Tag Archives: lgbt

Meet The Blogger: A Hopeful Dad

This week it’s LGBT Adoption & Fostering week – run by New Family Social. And so we’re pleased this week to welcome a Meet The Blogger post from prospective adoptive parent A Hopeful Dad, who writes about the adoption journey he and his husband are on…

Quick 5 – In my life at the moment….

Book – They’re all about adoption at the moment.

Music – Whatever’s on the radio…

TV programme – The Walking Dead

Food – Sweet potato & feta frittata.

Pastime – Running

Why did you start blogging about adoption?
At the beginning, I started blogging so I felt like I was doing something while we waited for the approval stage to start. Now it’s a great way to keep me focussed and helps me reflect on what’s going on.

Tea/Gin?
Gin in a teapot…

What do you think is your biggest source of support?
My family and friends. They’re all incredibly supportive of our decision to adopt.

What is the best or most memorable piece of advice you have ever received?
Be true to yourself.

At the weekend I can mostly be found…
Reading the papers and relaxing. I’m doing that as much as possible until the children arrive.

You can find A Hopeful Dad blogging here and more about LGBT Adoption & Fostering week here. And in a double whammy – here’s A Hopeful Dad’s post about LGBT Adoption & Fostering week.

LGBT Fostering and Adoption Week – Round Up

LGBTAFW-header2

To support and help promote LGBT (lesbian, gay, bisexual and transgender) Fostering and Adoption week (3-9 March), we have put together a special round up of posts, blogs and useful links. To start I’d like to highlight the findings of a recent survey which show that 1 in 3, of the general UK population, believe that being LGBT is a barrier to becoming a parent.

During National Adoption week last year, we posted a number of articles hoping to break down perceived barriers to adoption, one of these articles was from a same sex couple who had adopted, you can read that here.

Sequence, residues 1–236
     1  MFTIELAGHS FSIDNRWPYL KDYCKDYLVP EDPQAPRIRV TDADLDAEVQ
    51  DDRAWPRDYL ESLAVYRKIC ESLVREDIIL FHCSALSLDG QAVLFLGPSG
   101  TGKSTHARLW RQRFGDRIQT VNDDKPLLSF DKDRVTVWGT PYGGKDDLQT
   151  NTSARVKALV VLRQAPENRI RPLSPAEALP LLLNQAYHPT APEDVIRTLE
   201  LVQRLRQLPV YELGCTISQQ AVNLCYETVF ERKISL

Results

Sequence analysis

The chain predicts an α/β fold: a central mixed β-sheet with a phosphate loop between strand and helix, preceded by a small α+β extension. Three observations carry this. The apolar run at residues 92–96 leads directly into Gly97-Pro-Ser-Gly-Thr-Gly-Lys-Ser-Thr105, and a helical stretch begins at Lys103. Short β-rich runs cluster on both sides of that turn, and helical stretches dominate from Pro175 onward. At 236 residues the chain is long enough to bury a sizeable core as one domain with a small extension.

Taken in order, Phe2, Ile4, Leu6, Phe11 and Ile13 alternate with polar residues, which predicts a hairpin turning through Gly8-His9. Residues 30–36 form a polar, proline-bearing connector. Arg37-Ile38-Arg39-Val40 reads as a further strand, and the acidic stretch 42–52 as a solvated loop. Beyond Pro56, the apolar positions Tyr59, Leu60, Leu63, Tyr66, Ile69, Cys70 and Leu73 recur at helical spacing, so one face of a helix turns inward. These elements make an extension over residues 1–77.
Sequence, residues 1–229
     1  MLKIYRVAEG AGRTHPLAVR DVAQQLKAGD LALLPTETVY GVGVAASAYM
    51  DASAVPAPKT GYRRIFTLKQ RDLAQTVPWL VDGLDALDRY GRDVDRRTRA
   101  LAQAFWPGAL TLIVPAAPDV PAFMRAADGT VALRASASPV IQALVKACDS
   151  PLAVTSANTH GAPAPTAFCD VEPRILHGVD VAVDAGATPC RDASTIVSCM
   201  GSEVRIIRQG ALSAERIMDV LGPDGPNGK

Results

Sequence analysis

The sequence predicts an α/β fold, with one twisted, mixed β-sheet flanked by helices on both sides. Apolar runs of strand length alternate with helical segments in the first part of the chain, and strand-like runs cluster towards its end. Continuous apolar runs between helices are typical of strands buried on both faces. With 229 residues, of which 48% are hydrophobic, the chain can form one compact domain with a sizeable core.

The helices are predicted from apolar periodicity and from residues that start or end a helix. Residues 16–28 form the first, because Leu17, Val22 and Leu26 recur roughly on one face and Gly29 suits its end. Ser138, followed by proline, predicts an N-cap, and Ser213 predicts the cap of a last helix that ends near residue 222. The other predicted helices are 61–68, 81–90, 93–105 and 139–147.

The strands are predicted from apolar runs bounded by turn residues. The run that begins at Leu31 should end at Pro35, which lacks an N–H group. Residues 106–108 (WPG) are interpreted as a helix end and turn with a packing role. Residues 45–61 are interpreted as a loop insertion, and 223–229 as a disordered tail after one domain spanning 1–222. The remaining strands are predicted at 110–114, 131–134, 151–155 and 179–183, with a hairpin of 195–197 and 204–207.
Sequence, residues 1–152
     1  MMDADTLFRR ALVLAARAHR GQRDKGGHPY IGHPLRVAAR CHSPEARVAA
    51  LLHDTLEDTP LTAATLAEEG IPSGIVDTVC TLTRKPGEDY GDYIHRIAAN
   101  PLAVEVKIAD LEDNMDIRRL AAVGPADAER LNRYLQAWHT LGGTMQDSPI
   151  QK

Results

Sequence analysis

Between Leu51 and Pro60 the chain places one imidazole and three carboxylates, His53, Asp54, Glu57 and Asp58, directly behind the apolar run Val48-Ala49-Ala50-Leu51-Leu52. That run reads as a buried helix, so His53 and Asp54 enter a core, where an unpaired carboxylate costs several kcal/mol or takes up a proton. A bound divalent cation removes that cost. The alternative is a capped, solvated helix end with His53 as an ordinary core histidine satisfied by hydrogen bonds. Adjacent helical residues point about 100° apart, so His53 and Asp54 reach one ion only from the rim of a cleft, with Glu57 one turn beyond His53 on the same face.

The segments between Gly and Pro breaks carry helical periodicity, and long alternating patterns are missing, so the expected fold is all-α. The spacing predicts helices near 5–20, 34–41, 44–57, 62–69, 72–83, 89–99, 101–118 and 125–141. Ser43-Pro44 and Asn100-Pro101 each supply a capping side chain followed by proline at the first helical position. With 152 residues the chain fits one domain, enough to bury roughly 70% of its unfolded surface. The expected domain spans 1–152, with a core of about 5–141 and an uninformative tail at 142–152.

This same couple also write a blog about their adoptive family, which is full of incredible warmth and love. Read this recent post here, which reflects on their last year with their adorable daughter.

Another blog, this time by two dads, Two Guys Adopting, although not recently updated it is a great archive of their story of adoption and also has some useful links on it.

One more blog 4 Relative Strangers with a post this Inspirational Post especially for this week

Another blogger that doesn’t usually write about adoption regularly, but wished to show their support to the week is Mum of Three world, read her post here.

During this week a number of Adoption related organisations and charities have posted to add their support and raise awareness. One of my favourites was from TACT, read here.

Here are some other useful links…

New Family Social

Gay Adoption Blog

Moms, Cats, Kids?

#NAW2013 Adopting as a same-sex couple

As part of National Adoption Week 2013, we are sharing posts that show that all sorts of people are adoptive parents. Some people believe that you can’t adopt if you’re single, gay, disabled, have a long term illness, on a low income, don’t own your house, or are over or under certain ages. Through a series of guest bloggers this week, we’re showing that these things aren’t barriers to adoption…

Today Laura – one half of Two Mums, Two Kids? shares a bit more about adopting as part of a same-sex couple.